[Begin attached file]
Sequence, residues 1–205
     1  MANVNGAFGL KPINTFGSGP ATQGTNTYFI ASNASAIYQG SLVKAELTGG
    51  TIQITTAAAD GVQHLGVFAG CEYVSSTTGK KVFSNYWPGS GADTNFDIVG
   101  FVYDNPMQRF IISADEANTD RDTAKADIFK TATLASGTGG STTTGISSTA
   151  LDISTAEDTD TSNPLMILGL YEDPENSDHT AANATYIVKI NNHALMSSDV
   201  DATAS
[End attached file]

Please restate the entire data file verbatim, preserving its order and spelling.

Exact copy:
Sequence, residues 1–205
     1  MANVNGAFGL KPINTFGSGP ATQGTNTYFI ASNASAIYQG SLVKAELTGG
    51  TIQITTAAAD GVQHLGVFAG CEYVSSTTGK KVFSNYWPGS GADTNFDIVG
   101  FVYDNPMQRF IISADEANTD RDTAKADIFK TATLASGTGG STTTGISSTA
   151  LDISTAEDTD TSNPLMILGL YEDPENSDHT AANATYIVKI NNHALMSSDV
   201  DATAS